Do you experience upper back pain after running? If so, you’re not alone. Many runners suffer from this type of pain, which can be pretty debilitating. In this post, we’ll explore some of the possible causes of upper back pain after running and offer some tips for alleviating it. Stay tuned!
As a general rule, upper back pain after running is likely due to a forward head posture. When runners are tired, they start to slouch. Every inch of forwarding head posture can increase the head’s weight on the spine by 10 pounds, leading to strain and pain in the upper back.
I’m going to explain why you get upper back pain after running. I’ve been helping and treating people with this problem for 30 years. I’ve also done a lot of research on the subject and even wrote a book about it.
How Do I Get Rid of Upper Back Pain After Running?
First, check your spinal alignment. If your shoulders are hunched forward, your back muscles will have to work overtime to keep you upright, leading to pain.
Second, focus on your breathing. When you run, you should breathe deeply and evenly. Taking shallow breaths can cause your shoulders to rise, which strains your back muscles.
Finally, make sure you’re using the proper form. If you slouch when you run, you’ll strain your back muscles. By following these tips, you can help prevent upper back pain from running.
Is It Normal for My Back to Hurt After Running?
As a general rule, it is normal for your back to hurt after running if you do not have good spinal alignment. This can be caused by several things: weak abdominal muscles, tight hamstrings, and being weighed down by a heavy backpack.
To help fix this, try doing some spinal strengthening exercises such as sit-ups and planks. You should also work on stretching your hamstrings and lower back. If you still have pain, it may be time to see a chiropractic or physiotherapist doctor assess your spinal alignment.
Is It Normal to Have Upper Back Pain After a Workout?
In general, it’s perfectly normal to experience some upper back pain after a workout. It’s an excellent sign that you’re correctly aligning your spine during your exercises.
The spinal column comprises 33 vertebrae, and these bones need to be in alignment for the muscles and ligaments to work correctly. When you work out, your spinal column is likely to shift out of alignment, which can cause upper back pain.
However, this pain is temporary and will go away once your spinal column pops back into place. So if you’re experiencing some upper back pain after a workout, don’t worry – it’s completely normal! Just be sure to keep the proper spinal alignment in mind during your next session.
Why Does My Upper Back Get Tight When I Run?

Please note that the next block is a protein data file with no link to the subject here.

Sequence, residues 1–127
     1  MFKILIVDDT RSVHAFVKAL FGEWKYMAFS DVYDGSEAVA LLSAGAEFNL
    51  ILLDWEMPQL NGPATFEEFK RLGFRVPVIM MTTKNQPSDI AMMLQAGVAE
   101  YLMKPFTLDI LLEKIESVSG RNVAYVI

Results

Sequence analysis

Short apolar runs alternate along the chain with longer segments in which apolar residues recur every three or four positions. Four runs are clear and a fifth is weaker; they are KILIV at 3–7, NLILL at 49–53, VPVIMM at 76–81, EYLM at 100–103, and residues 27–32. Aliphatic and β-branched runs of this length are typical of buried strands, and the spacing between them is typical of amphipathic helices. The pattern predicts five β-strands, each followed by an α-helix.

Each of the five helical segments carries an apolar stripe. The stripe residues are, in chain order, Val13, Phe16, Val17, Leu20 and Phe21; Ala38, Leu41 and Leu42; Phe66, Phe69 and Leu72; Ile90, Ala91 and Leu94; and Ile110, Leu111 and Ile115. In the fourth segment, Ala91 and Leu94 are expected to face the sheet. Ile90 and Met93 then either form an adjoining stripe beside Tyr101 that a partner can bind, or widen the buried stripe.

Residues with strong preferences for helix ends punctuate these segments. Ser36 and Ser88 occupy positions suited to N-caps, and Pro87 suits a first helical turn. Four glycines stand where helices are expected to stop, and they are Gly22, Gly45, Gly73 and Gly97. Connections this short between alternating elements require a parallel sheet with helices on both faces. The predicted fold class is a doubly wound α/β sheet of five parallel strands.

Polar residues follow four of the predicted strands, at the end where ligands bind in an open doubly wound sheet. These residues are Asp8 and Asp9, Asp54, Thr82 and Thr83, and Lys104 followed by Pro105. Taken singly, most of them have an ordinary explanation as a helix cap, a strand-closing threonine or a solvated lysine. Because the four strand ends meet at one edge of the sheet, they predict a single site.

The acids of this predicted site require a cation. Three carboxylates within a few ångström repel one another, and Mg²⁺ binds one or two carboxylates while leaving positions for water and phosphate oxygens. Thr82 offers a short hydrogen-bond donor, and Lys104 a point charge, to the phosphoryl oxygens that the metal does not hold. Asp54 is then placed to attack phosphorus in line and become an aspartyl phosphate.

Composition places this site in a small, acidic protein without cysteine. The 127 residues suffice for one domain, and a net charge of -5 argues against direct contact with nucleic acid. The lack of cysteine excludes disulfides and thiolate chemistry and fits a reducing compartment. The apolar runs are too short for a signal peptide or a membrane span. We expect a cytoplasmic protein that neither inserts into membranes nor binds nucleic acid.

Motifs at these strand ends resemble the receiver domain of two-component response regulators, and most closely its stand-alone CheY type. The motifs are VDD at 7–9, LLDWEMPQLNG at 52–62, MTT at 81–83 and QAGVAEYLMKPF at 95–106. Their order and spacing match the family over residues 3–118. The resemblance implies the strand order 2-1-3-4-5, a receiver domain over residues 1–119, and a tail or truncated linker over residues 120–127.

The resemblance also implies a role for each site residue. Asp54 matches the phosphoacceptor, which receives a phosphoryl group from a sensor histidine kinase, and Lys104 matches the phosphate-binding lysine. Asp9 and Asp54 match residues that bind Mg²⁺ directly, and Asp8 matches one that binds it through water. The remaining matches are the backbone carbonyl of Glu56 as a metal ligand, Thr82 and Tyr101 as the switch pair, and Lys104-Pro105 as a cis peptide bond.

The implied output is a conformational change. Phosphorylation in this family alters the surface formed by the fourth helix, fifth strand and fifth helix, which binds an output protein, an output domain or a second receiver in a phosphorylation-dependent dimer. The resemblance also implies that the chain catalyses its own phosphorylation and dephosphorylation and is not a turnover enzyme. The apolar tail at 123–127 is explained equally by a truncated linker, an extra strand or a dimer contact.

When you run, your spinal alignment changes, the extra impact from running can cause your spinal column to compress, which in turn can lead to upper back pain. In addition, poor posture when running can put additional strain on your back and cause tightness in the muscles.
To help prevent upper back pain when running, it is vital to maintain good spinal alignment. Pay attention to your posture and ensure that you are not slouching forward.
Additionally, try to relax your shoulders and keep them down and away from your ears. Finally, be aware of your breathing and ensure that you are not holding your breath while running. You can help prevent upper back pain and improve your overall running form by following these tips.
Forward Head Posture Causing Upper Back Pain
It’s not uncommon for people to have upper back pain after running. You typically also get tired because they’ve been trying to hold their head up against gravity. According to one study, every inch of forwarding head posture increases the head’s weight on the spine by an additional 10 pounds. (-Kapandji, Physiology of Joints, Vol. 3).
Rene Cailliet M.D., a former director of the department of physical medicine and rehabilitation at the University of Southern California, wrote:
- Poor posture can add up to thirty pounds of abnormal leverage on your spine if you have poor posture. This can pull your spine out of alignment.
- Forward head posture (FHP) may result in 30% of vital lung capacity loss. These breath-related effects are primarily due to the loss of the cervical lordosis, which blocks the action of the hyoid muscles, especially the inferior hyoid responsible for helping lift the first rib during inhalation.
- There are many things you can do to improve your posture. People usually focus on the spine, shoulders, and pelvis. But the most important thing is to get your head in the correct position. The rest of your body will follow.
Best Way to Fix Forward Head Posture
Spending a lot of time sitting, whether at a desk, in a car, or on the couch, can lead to poor posture. This can lead to bad posture while exercising. To correct this problem, it is important to sit correctly. By engaging the core muscles and not the spine, an orthopedic seat cushion can help to strengthen the muscles that support the spine and improve posture while sitting and exercising. This can help reduce the likelihood of experiencing back pain or other issues related to poor posture.